It might be hard to tell a chubby-cheeked gordito that he can have only one helping of flan after dinner, but doctors say a healthy diet and good exercise habits are the key to fixing one of the Latino community's scariest health problems.
A new study released by research affiliates with the American Diabetes Association found that the number of Latino children and youth under 20 years of age diagnosed with diabetes is growing at an alarming rate -- the fastest of any ethnic group in the U.S.
While Type 1 diabetes is growing at an annual rate of about 3 percent, with a 23 percent increase in 8 years, in children and young adults, about 33 percent of Americans under 20 years of age now have Type 2 diabetes, a 21 percent jump in eight years, according to data collected between 2001 and 2009 by the SEARCH for Diabetes in Youth study. But the trend has affected Latinos the worst, according to researchers.
"Rates of diabetes among Hispanic kids have outpaced other groups both in Type 1 and Type 2 diabetes – something we’ve never seen before and indicative of something we should take seriously,” study author Dana Dabelea, MD, PhD, a professor at the University of Colorado in Denver said while presenting his study findings, NBC Latino reported.
And it's not just the kids. One in ten Hispanics over the age of 20 have been diagnosed with diabetes, according to the National Diabetes Education Program.
Type 1 diabetes, formerly called juvenile diabetes, accounts for only 5 to 10 percent of all diagnosed cases of the illness and results when the body’s immune system attacks and destroys its own insulin-producing beta cells in the pancreas. Whereas Type 2 diabetes, formerly called adult-onset diabetes, accounts for 90 to 95 percent of all cases and usually develops in adults over the age of 40, but is becoming more and more common in children and young adults, according to the National Diabetes Education Program. An individual is more likely to develop Type 2 diabetes if they are overweight or are not getting enough exercise, according to the same report.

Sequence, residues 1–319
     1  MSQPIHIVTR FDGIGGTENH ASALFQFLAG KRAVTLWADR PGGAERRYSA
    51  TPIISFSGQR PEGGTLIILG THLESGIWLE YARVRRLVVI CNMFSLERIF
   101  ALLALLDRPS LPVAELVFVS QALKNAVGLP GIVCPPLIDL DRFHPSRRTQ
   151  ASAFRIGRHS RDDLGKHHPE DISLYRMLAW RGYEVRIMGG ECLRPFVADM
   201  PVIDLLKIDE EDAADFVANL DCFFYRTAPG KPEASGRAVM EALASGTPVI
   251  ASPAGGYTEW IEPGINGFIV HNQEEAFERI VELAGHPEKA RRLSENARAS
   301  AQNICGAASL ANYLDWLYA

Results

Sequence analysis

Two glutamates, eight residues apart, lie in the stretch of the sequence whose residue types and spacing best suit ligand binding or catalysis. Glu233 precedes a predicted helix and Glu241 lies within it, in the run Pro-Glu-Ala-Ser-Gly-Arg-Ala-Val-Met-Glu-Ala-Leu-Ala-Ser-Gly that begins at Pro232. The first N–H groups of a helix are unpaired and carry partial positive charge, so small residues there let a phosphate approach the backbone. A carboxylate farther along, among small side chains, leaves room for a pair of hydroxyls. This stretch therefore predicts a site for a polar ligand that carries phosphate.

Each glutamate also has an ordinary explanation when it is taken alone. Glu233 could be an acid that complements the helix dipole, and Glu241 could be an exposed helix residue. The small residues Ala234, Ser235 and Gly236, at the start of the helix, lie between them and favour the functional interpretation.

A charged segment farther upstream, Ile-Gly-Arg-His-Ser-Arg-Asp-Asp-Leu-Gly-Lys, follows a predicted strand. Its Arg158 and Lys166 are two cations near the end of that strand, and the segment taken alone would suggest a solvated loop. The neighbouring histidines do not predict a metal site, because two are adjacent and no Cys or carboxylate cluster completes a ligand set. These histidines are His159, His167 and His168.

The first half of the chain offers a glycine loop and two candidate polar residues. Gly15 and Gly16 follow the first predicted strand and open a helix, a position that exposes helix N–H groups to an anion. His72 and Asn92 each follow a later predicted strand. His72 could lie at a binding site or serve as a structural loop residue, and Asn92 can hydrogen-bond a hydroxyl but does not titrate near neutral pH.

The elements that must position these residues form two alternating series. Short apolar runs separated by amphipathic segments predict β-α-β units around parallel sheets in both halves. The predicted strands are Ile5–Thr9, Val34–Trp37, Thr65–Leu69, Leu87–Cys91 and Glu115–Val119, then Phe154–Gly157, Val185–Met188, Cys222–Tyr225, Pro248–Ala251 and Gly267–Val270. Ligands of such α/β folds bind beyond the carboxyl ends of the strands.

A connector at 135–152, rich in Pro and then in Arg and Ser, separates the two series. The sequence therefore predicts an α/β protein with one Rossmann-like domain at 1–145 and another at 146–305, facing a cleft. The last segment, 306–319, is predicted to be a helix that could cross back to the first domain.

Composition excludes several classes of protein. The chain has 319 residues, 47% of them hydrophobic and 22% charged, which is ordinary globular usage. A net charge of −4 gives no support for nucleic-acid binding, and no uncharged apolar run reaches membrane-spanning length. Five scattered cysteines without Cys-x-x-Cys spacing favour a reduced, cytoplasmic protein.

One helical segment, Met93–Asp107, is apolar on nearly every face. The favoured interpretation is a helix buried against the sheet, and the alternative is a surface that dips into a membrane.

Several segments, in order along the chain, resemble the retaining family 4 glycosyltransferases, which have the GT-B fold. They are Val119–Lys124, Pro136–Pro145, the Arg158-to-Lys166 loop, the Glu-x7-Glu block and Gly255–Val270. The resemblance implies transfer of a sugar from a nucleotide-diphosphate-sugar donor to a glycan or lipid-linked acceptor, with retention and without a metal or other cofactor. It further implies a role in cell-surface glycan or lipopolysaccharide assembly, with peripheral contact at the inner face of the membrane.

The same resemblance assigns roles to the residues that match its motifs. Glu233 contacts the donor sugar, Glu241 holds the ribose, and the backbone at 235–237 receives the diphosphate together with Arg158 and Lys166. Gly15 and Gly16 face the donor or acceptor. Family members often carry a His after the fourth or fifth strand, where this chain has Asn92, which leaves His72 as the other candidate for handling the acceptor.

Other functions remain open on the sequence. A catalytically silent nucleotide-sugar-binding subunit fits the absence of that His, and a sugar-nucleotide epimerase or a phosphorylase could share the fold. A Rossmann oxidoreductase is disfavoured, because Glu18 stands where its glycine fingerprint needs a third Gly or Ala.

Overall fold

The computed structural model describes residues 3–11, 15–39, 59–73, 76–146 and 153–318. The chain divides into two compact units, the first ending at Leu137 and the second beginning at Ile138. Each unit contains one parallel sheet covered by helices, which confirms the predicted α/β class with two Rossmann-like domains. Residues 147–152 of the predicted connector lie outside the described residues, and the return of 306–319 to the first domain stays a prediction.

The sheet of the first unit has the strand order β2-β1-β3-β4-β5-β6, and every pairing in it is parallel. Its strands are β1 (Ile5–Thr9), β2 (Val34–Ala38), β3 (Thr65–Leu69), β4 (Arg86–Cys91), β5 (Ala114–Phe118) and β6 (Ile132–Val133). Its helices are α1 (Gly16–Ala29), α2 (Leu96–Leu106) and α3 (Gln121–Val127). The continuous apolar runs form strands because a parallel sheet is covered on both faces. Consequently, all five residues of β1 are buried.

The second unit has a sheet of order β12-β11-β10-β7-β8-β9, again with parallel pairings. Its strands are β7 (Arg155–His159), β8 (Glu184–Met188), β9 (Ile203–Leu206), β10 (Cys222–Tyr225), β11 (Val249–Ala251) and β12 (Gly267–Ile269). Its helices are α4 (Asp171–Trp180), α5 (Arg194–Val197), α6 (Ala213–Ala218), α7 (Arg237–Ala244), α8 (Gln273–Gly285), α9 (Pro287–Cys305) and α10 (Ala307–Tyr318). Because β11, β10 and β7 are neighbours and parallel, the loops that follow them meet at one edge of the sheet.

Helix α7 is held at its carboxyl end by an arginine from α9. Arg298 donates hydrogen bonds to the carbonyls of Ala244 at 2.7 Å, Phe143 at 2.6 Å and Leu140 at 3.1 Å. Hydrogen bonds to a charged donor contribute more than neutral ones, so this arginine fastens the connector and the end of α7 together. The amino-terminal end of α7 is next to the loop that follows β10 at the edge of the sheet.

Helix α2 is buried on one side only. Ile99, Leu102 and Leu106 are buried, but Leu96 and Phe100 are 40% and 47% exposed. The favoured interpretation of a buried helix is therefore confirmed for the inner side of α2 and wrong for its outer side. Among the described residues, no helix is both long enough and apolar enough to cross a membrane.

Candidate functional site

But experts say small changes can make a big difference. Diet and exercise, doctors say, is key.
Elizabeth Mayer-Davis, a doctor and professor at the University of North Carolina told NBC Latino that, “these things reduce Type 2 diabetes and can be helpful in terms of managing the disease." She added that, "it’s also important that your child has already been diagnosed with diabetes, you should work closely with a health care provider to optimize the health of their child.”
38.2 percent of Hispanic children between the ages of 2 and 19 were overweight or obese, compared with 31.7 percent of all children on average, according to a study conducted by the Leadership for Healthy Communities in May of 2010. And, what's more alarming, the National Council of La Raza (NCLR) reported last year that one out of two Latino children born in the year of 2000 will develop diabetes.
Jennifer Ng'andu, the deputy director of the council's health policy project, told The Huffington Post that this statistic should make us think seriously about the health of our children.
"That is the statistic that should be our wake-up call,” Ng'andu said.
This story appeared originally on Huffington Post LatinoVoices